What Employees Need to Know About the Stronger Workplaces for a Stronger Economy Act ("Bill 18")

by Administrator11. March 2015 11:06

On November 20, 2014 the Stronger Workplaces for a Stronger Economy Act, 2014 (“Bill 18”) received royal assent.  Bill 18 includes many significant amendments to the Employment Standards Act, 2000 (“ESA”). This new law affects all employees working under Ontario's jurisdiction.

Minimum Wage Increases

The most significant amendments in Bill 18 concern changes to the procedure for increasing the minimum wage.  Before the passage of Bill 18, minimum wage increases were implemented entirely on an ad-hoc basis.  The process led to irregular, uncertain and politicized increases to the minimum wage; affected employees could not rely upon increases.

With the passage of Bill 18, and commencing this year, the minimum wage will undergo annual adjustments based on the Consumer Price Index for Ontario as published by Statistics Canada.  The key dates for employees to remember are April 1 and October 1:

  • By April 1 of each year the Minister of Labour is required to publish the revised minimum wage rate on a Government of Ontario website;
  • On October 1 of each year the revised minimum wage rate published by April 1 will go into effect.

     Recovering Unpaid Wages

Employees who believe that their employer has not complied with the ESA can file a claim with the Ministry of Labour (as opposed to going to court) and have their claim adjudicated by an Employment Standards Officer (as opposed to a judge).  The administrative claims system established by the ESA is intended to be cheaper, faster and easier than the courts (although it does not always succeed on these fronts).

Before the passage of Bill 18, the claims system was subject to two significant restrictions that limited its usefulness to employees.  First, there was a $10,000 cap on the amount of unpaid wages an employee could recover.  If unpaid wages exceeded that amount, an employee was required to either abandon the amount of the claim in excess of $10,000 or file a claim in court.  Second, the claims system restricted the period of time during which an employee could claim unpaid wages to 6 months before the wages became due (which could be extended to 1 year if certain conditions were met).  An employee who became aware that an employer was improperly withholding wages after the fact, was restricted to claiming wages to the 6-month period before the unpaid wages were discovered.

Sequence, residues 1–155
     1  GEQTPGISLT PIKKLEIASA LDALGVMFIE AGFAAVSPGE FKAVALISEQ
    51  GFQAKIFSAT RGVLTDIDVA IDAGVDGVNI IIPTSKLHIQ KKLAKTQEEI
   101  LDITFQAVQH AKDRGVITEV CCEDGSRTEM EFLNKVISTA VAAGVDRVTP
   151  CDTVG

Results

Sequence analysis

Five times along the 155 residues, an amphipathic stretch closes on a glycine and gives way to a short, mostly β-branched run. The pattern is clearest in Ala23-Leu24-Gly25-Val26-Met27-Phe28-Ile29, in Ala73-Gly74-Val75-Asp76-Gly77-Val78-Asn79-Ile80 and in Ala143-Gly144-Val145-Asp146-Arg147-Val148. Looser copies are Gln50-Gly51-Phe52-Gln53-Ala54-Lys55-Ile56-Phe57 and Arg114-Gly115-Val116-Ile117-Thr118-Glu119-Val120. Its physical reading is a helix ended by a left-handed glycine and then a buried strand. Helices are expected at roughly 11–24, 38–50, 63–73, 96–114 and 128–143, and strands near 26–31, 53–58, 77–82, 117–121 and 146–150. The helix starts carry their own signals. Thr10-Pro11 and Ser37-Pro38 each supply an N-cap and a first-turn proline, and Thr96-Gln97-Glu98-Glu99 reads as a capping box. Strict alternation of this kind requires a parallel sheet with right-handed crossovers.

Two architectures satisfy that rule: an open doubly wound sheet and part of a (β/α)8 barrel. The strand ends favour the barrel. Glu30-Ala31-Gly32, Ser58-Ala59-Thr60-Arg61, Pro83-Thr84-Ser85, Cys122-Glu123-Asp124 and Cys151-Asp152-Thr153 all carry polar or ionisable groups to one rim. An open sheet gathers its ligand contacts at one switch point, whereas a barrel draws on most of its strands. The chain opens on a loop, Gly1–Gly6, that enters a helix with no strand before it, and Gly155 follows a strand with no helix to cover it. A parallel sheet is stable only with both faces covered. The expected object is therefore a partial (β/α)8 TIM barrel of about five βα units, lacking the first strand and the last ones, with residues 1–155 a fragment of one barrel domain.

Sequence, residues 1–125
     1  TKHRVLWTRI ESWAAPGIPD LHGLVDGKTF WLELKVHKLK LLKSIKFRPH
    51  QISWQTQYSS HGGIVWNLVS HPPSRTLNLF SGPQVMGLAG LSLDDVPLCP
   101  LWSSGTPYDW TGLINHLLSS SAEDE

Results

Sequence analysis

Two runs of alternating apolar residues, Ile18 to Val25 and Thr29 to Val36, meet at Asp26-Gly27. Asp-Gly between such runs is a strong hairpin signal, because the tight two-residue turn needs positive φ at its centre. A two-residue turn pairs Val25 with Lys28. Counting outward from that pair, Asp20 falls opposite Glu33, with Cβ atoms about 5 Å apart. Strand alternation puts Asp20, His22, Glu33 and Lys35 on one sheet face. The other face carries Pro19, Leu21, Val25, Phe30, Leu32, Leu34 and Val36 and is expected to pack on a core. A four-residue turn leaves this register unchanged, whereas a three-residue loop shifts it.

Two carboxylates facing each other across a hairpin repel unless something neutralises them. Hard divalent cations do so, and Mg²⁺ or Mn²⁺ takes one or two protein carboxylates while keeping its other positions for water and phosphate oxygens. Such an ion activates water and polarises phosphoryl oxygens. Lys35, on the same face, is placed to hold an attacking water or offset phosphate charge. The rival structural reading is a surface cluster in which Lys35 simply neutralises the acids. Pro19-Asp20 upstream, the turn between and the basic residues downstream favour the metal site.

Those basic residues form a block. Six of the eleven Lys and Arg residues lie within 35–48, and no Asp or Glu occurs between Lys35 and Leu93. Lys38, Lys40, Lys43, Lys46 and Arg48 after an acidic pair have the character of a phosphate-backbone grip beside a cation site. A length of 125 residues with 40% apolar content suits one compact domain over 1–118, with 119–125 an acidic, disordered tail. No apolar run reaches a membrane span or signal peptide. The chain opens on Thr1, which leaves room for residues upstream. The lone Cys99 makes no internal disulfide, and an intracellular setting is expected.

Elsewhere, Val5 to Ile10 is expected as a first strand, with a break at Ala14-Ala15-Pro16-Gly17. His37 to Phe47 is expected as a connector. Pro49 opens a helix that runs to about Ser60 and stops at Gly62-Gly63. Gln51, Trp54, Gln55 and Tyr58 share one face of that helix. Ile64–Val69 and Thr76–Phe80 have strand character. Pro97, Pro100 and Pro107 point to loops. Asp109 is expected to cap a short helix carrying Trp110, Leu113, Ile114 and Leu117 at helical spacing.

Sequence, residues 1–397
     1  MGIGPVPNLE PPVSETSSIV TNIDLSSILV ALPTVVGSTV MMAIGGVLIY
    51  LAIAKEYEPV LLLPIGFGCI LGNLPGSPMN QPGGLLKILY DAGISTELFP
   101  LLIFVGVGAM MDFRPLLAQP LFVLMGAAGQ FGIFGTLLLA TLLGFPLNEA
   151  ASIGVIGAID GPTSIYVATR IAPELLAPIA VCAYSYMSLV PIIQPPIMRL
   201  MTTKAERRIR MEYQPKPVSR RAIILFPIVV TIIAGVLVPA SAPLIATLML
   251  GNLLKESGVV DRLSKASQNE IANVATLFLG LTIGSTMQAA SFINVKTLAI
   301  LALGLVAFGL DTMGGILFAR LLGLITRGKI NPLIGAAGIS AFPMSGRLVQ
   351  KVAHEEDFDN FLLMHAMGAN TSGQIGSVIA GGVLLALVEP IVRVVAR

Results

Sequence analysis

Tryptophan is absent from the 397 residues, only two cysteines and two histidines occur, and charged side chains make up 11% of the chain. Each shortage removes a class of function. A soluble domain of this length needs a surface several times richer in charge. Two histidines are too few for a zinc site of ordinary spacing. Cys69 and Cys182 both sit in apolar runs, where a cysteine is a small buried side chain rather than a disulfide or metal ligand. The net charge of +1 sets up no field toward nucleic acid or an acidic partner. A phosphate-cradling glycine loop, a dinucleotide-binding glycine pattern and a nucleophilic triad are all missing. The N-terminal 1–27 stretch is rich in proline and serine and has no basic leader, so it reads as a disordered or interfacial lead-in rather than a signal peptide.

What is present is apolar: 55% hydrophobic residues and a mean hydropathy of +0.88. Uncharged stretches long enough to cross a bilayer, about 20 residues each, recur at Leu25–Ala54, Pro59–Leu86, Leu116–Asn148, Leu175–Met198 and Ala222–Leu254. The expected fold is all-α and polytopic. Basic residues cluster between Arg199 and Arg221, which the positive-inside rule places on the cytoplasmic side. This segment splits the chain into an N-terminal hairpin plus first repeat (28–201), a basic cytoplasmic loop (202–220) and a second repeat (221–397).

With the passage of Bill 18, for all wages that are owed after February 20, 2015, the $10,000 cap is eliminated. The 6 month recovery period has been increased to 2 years.  There is now no limit to the amount an Employment Standards Officer can order for unpaid wages. 

These amendments make the Ministry of Labour claims process a much more viable alternative to the court system than was previously the case.  An employee who is owed unpaid wages should seriously consider and should seek legal advice now whether the Ministry of Labour claims system is the most effective process to initiate to resolve their dispute.

ESA Poster

Under Part II of the ESA, the Minister of Labour is required to prepare and publish a poster that informs employees of their rights under the ESA. Employers are required to post the poster in their workplaces.  The most recent version of the ESA Poster, published in June 2014, can be found and printed at the website of the Ministry of Labour.

With the passage of Bill 18 and beginning May 20, 2015, in addition to posting the ESA poster in the workplace, employers are required to provide new and existing employees with a copy of the ESA poster.  New employees must be provided with a copy of the poster within 30 days of becoming an employee and existing employees must be provided a copy within thirty days of May 20, 2015.

The three changes discussed here are only a few of the amendment introduced by Bill 18.  In addition to further amendments to the ESA, Bill 18 also amended the Employment Protection for Foreign Nationals Act (Live-In Caregivers and Others), 2009, the Labour Relations Act, the Occupational Health and Safety Act and the Workplace Safety and Insurance Act, 1997.

To view all of the changes introduced by Bill 18, see the Stronger Workplaces for a Stronger Economy Act, 2014 here.

As they say, very late is better than not at all...


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